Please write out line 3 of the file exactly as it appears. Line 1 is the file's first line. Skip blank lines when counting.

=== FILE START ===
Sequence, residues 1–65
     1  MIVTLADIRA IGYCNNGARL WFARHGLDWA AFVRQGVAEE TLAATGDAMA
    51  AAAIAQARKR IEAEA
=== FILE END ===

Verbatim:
    51  AAAIAQARKR IEAEA